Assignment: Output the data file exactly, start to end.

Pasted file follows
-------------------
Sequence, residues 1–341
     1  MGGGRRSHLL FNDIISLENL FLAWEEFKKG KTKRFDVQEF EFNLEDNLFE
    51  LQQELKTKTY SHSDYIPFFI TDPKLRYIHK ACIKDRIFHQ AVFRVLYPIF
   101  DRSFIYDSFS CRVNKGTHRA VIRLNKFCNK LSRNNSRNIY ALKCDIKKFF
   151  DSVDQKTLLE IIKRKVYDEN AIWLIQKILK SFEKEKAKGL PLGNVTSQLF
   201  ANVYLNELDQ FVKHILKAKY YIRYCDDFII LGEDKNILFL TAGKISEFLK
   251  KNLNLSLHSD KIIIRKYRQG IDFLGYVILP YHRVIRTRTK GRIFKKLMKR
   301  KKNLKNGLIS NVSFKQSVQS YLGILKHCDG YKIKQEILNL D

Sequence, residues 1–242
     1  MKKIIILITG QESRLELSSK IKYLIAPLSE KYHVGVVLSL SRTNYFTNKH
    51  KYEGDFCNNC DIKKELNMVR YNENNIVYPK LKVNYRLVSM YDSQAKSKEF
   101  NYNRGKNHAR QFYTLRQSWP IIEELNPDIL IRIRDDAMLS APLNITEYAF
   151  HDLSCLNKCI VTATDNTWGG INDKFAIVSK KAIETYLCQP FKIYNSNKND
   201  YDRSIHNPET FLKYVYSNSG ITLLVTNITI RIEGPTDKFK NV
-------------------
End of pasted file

Sequence, residues 1–341
     1  MGGGRRSHLL FNDIISLENL FLAWEEFKKG KTKRFDVQEF EFNLEDNLFE
    51  LQQELKTKTY SHSDYIPFFI TDPKLRYIHK ACIKDRIFHQ AVFRVLYPIF
   101  DRSFIYDSFS CRVNKGTHRA VIRLNKFCNK LSRNNSRNIY ALKCDIKKFF
   151  DSVDQKTLLE IIKRKVYDEN AIWLIQKILK SFEKEKAKGL PLGNVTSQLF
   201  ANVYLNELDQ FVKHILKAKY YIRYCDDFII LGEDKNILFL TAGKISEFLK
   251  KNLNLSLHSD KIIIRKYRQG IDFLGYVILP YHRVIRTRTK GRIFKKLMKR
   301  KKNLKNGLIS NVSFKQSVQS YLGILKHCDG YKIKQEILNL D

Sequence, residues 1–242
     1  MKKIIILITG QESRLELSSK IKYLIAPLSE KYHVGVVLSL SRTNYFTNKH
    51  KYEGDFCNNC DIKKELNMVR YNENNIVYPK LKVNYRLVSM YDSQAKSKEF
   101  NYNRGKNHAR QFYTLRQSWP IIEELNPDIL IRIRDDAMLS APLNITEYAF
   151  HDLSCLNKCI VTATDNTWGG INDKFAIVSK KAIETYLCQP FKIYNSNKND
   201  YDRSIHNPET FLKYVYSNSG ITLLVTNITI RIEGPTDKFK NV